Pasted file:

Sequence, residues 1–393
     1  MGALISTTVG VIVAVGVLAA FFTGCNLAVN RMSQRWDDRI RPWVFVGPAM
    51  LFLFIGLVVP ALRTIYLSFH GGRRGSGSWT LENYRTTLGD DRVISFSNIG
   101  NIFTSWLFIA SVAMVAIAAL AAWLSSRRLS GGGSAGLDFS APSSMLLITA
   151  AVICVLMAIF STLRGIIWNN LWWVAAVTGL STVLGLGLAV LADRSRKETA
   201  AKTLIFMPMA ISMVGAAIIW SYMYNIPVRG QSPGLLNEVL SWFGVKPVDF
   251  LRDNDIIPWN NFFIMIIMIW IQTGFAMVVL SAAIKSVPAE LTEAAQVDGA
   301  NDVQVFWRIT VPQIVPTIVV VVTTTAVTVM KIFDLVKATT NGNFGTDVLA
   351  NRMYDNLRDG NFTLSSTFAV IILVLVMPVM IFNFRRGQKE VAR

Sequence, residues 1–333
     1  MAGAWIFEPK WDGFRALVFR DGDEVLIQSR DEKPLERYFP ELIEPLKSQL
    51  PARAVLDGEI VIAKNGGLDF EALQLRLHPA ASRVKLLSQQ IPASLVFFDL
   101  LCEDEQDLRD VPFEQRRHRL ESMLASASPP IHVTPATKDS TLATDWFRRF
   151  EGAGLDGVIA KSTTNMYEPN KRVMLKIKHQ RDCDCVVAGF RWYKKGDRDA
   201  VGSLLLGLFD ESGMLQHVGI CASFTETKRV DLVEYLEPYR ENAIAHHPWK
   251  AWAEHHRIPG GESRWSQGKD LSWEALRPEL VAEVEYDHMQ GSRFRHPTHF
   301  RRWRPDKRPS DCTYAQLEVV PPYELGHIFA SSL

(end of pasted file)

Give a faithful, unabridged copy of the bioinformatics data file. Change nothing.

Sequence, residues 1–393
     1  MGALISTTVG VIVAVGVLAA FFTGCNLAVN RMSQRWDDRI RPWVFVGPAM
    51  LFLFIGLVVP ALRTIYLSFH GGRRGSGSWT LENYRTTLGD DRVISFSNIG
   101  NIFTSWLFIA SVAMVAIAAL AAWLSSRRLS GGGSAGLDFS APSSMLLITA
   151  AVICVLMAIF STLRGIIWNN LWWVAAVTGL STVLGLGLAV LADRSRKETA
   201  AKTLIFMPMA ISMVGAAIIW SYMYNIPVRG QSPGLLNEVL SWFGVKPVDF
   251  LRDNDIIPWN NFFIMIIMIW IQTGFAMVVL SAAIKSVPAE LTEAAQVDGA
   301  NDVQVFWRIT VPQIVPTIVV VVTTTAVTVM KIFDLVKATT NGNFGTDVLA
   351  NRMYDNLRDG NFTLSSTFAV IILVLVMPVM IFNFRRGQKE VAR

Sequence, residues 1–333
     1  MAGAWIFEPK WDGFRALVFR DGDEVLIQSR DEKPLERYFP ELIEPLKSQL
    51  PARAVLDGEI VIAKNGGLDF EALQLRLHPA ASRVKLLSQQ IPASLVFFDL
   101  LCEDEQDLRD VPFEQRRHRL ESMLASASPP IHVTPATKDS TLATDWFRRF
   151  EGAGLDGVIA KSTTNMYEPN KRVMLKIKHQ RDCDCVVAGF RWYKKGDRDA
   201  VGSLLLGLFD ESGMLQHVGI CASFTETKRV DLVEYLEPYR ENAIAHHPWK
   251  AWAEHHRIPG GESRWSQGKD LSWEALRPEL VAEVEYDHMQ GSRFRHPTHF
   301  RRWRPDKRPS DCTYAQLEVV PPYELGHIFA SSL